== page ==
2015 is a year of milestones in the history of the Vietnam War. 50 years since the U.S. military escalation of the war in 1965, and 40 years since the last U.S. personnel in Vietnam were evacuated from the roof of the U.S. Embassy in Saigon in 1975. But the role of the antiwar movement is in danger of being air brushed out of official U.S. commemorations of the war’s history.
In contrast, in Canada, a different discussion about the Vietnam War and the antiwar movement is unfolding. Vietnam: Canada’s Shadow War, which aired on the Canadian Broadcasting Corporation (CBC) in March, casts a critical eye on Canada’s “quiet complicity” in the war. The documentary, produced by Merit Motion Pictures in Winnipeg, delves into the production of Agent Orange in Canada for use in Vietnam, the 110 Canadians who were killed in Vietnam fighting for the United States, and a Canadian diplomat who delivered U.S. threats to bomb North Vietnam unless Hanoi accepted Washington’s terms for negotiations in 1964.
According to the film, the aggressive U.S. military intervention in Vietnam caused Canada, a staunch Cold War ally of Washington, to have second thoughts its unconditional support of the U.S. course in Vietnam. One way Ottawa put distance between itself and the United States on Vietnam was by allowing U.S. draft resisters and deserters to immigrate to Canada.
Vietnam: Canada’s Shadow War and Hell No, We Won’t Go! which aired on the Canadian History Channel in 2013, tell the narrative of the U.S. war resister community in Canada. Draft resisters started going to Canada in the mid-1960s as monthly Selective Service System quotas shot up to provide conscripts for the stepped-up fighting in Vietnam. Antiwar GIs began to pour across the border in ever-larger numbers beginning in 1969. The anti-Vietnam war resister community grew to 50,000 draft resisters and deserters by the early 1970s.
In interviews, former war resisters explain why they refused to fight in Vietnam in what they considered to be an immoral and unjust war: the indiscriminate use of U.S. firepower, napalm against civilians, the toxic defoliant Agent Orange, the carpet bombing, lethal interrogations of prisoners of war. They looked back on the hardships of starting life over in Canada. Leaving their families knowing they might never be able to return to the United States. The FBI visits of war resisters in Canada, and the FBI’s harassment of parents back in the United States. Not being able to return to the United States to attend the funeral of a parent.
It is telling that Canada is more willing to critically revisit its role in the Vietnam War than the United States is. Vietnam: Canada’s Shadow War, and Hell No, We Won’t Go!, produced by War Torn Productions in Toronto, respectfully recognize the historic role of war resisters in Canada. War Torn Productions organized a public screening of the film and a panel discussion with war resisters in the film in a Toronto movie theater in October 2013.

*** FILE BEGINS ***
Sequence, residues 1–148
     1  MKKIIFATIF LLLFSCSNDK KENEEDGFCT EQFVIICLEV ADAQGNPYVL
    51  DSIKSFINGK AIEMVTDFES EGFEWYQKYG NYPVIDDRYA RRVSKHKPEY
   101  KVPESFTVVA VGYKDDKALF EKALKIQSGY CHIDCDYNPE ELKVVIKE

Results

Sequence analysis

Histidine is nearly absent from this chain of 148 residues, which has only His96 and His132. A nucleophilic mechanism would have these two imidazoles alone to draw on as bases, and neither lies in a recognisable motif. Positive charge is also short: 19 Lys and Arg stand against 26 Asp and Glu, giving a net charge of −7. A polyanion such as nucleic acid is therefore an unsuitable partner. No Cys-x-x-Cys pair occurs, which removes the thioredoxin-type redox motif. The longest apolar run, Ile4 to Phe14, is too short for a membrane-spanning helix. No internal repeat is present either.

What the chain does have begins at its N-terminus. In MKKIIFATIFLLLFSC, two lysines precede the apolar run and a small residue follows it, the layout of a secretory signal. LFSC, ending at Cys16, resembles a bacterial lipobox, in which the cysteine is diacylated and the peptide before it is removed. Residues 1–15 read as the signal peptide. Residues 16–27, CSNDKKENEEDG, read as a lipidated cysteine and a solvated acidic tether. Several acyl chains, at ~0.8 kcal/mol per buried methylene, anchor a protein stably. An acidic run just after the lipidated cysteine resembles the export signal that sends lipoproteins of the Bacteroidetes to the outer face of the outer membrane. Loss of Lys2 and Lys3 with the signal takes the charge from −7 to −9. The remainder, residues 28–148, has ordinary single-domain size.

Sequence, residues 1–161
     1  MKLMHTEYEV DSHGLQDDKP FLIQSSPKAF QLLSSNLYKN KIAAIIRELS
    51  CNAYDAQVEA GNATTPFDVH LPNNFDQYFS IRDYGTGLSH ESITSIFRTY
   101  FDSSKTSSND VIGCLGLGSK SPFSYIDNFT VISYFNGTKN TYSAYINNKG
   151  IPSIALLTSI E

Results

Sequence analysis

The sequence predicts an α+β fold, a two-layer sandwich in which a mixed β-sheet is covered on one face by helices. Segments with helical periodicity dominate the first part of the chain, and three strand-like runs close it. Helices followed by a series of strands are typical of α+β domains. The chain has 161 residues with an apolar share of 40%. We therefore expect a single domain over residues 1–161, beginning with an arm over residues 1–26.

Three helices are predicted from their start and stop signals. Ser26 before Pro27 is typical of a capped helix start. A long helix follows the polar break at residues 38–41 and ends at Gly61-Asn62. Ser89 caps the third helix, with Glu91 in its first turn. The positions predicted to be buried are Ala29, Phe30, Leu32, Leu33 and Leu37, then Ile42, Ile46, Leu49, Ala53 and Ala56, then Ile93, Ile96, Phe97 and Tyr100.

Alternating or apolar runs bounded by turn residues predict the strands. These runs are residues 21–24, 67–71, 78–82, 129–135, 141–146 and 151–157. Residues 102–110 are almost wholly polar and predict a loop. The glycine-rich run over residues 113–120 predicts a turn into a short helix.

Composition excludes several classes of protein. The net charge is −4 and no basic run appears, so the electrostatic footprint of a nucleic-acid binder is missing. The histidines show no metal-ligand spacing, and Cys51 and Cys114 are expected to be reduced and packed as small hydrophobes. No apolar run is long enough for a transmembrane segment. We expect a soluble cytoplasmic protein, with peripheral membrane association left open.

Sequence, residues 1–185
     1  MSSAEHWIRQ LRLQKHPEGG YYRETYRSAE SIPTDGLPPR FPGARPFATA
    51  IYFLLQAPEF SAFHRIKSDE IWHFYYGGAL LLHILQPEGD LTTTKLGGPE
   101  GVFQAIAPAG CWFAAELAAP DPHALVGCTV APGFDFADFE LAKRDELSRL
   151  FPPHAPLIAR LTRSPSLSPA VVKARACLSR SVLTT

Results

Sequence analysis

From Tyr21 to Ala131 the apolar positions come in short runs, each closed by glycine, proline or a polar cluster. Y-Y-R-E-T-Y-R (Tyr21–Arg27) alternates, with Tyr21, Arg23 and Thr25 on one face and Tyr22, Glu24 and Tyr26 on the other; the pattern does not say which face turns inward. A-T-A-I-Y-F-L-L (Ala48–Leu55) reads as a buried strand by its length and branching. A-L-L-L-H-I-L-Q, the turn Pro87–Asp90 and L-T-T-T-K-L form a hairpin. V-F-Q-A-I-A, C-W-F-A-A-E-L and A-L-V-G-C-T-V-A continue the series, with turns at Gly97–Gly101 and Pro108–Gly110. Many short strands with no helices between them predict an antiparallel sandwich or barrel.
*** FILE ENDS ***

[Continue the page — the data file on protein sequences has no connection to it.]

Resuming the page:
In the United States, exiled war resisters, like the Resistance, the antiwar GI movement, the antiwar Vietnam veterans movement, and the mass mobilizations against the war, are ignored in the mainstream discussions about the historic Vietnam milestones. But the scope and impact of the antiwar resistance is one of the big untold narratives of the Vietnam War, too big to continue to be swept under the rug.
Draft resisters overwhelmed the Selective Service System. 570,000 men violated the draft laws, and 210,000 of those cases were referred to federal prosecutors. 3,250 draft resisters were imprisoned. 250,000 18 year-olds failed to register for the draft. 172,000 men qualified as conscientious objectors. By 1971, enforcement of draft laws had ground to a halt.
Opposition to the war was widespread in the ranks of the military in Vietnam and elsewhere. 500,000 GIs were categorized as long-term deserters. 790,000 service members were discharged with stigmatizing other-than-honorable discharges for violating the Uniform Code of Military Justice. Army historian Colonel Robert D. Heinl commented on the crippling effect of antiwar sentiment on the U.S. war effort in the June 1971 Armed Forces Journal. Henil wrote, “The morale, discipline, and battle worthiness of the U.S. Armed Forces are, with a few salient exceptions, [is] lower and worse than at any time in this century and possibly in the history of the United States.” [Source for statistics: Jack Colhoun, “The Vietnam War and the Vietnam Generation: A Review of Lawrence Baskir and William Strauss, Chance and Circumstance: The Draft, the War, and the Vietnam Generation,” Peace and Change: A Journal of Peace Research, Fall, 1980, pp. 71-77.]
Jack Colhoun, an antiwar Army deserter, was an editor of AMEX-Canada, the magazine of U.S. war resisters in Canada in 1971-1977. He appears in both Vietnam: Canada’s Shadow War and Hell No, We Won’t Go! He was Washington correspondent for the (New York) Guardian newsweekly in 1978-1992. Jack Colhoun is the author of “Gangsterismo” a study of the CIA and organized crime efforts to destabilize Cuba available through OR Books.